System crash erases grades

Students and faculty at the Cullen College of Engineering reported problems with Blackboard, a Web-based course management system, after it went down last month, causing disruptions in grading and assignments.

"We had a disk failure," electrical and computer engineering professor Fritz Claydon said.

Students reported the site malfunction lasted from March 28 to April 8. Notices alerting students of maintenance for the site were sent out March 25 and 28. The site went down the night of March 28, mechanical engineering junior Hwansung Kang said.

"Our teacher had to tell us about it," mechanical engineering senior Travis Stoner said.

Upon Blackboard’s return to service, grades and data were determined to be lost, forcing students to resubmit grades, and some engineering student organizations had trouble because of reliance on Blackboard to store data.

"I could not find any of my grades," engineering graduate student Navneeth Chidambaram said. "My teacher’s assistant asked us to turn in our (graded) papers."

Chidambaram said that while he did save his papers and was able to turn them in, some students did not, and said he hoped they had something backed up so they would not receive zeros.

"There was data lost, but Blackboard was never intended to be a sole source of document storage," Claydon said.

Claydon said some elements were salvaged despite the crash.

"If a faculty member had only one copy of all or part of their grades, (the data) was lost. Not all grades were lost by all faculty," Claydon said. "Things that were recoverable were PowerPoint presentations, Word documents and spreadsheets."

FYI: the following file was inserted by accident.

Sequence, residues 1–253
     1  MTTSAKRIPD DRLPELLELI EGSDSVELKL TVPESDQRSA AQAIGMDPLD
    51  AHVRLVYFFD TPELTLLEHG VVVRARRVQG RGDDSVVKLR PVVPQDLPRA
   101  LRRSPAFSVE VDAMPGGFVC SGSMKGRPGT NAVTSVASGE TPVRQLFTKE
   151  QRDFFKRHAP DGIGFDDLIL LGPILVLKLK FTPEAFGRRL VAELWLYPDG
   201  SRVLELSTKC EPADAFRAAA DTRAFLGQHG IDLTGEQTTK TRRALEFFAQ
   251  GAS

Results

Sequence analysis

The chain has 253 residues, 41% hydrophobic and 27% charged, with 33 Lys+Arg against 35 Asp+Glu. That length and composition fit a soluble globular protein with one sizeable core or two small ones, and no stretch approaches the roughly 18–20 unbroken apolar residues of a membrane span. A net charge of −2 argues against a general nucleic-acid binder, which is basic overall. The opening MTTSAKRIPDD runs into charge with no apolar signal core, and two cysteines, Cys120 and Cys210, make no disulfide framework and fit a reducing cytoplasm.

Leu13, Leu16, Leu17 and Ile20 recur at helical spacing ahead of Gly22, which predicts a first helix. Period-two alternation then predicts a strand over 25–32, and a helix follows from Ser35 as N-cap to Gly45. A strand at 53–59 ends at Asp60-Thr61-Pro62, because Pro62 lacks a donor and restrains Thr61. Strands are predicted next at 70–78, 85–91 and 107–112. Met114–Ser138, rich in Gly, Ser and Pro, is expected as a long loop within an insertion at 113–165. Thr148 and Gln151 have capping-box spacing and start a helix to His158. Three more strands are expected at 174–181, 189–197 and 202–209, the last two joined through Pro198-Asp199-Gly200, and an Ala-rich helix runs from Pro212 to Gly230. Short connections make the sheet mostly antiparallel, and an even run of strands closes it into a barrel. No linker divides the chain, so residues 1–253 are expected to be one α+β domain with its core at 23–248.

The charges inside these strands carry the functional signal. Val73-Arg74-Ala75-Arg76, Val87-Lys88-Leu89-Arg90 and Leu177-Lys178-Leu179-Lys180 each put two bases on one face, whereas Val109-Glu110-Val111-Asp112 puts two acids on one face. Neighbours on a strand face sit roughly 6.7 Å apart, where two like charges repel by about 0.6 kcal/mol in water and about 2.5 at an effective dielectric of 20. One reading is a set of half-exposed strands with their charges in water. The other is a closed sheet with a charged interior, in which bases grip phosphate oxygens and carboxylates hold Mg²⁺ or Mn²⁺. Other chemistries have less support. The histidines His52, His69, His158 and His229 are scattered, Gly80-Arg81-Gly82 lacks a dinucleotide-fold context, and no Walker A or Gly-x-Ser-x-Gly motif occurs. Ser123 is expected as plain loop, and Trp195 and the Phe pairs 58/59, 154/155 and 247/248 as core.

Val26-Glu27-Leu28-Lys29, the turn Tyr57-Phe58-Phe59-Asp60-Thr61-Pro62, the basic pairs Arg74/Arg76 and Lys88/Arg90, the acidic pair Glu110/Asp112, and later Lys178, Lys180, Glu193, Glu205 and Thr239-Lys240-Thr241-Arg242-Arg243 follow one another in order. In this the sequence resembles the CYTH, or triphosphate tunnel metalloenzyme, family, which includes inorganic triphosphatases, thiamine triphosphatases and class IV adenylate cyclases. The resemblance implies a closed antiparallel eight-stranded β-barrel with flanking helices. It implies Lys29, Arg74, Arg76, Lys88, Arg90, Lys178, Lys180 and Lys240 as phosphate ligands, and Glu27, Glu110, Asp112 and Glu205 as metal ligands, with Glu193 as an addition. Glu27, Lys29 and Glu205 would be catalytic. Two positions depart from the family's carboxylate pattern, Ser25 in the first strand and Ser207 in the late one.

Blackboard was unable to be restored sooner because the wrong disk was mistakenly believed to be corrupt, Claydon said.

Mechanical engineering senior Gabriel Tibiroli said professors were trying to get back grades and assignments from students.

"I heard that some teachers had one-on-one interviews about grades," he said.

Education Technology Specialist Debbie Boyer, who assists with Blackboard, was not available for an interview.

The damage done while Blackboard was down caused concern among students, who complained about not being able to retrieve or submit assignments and grades.

"I was not able to access the assignment during the first weekend. I ended up contacting the instructor to request the assignment and ask for an extension," Kang said.

Improvements to prevent another incident from occurring have been made, and include better communication with faculty, taking a "snapshot" of data stored before making repairs and having collaboration between faculty, students and department chairs, Claydon said.

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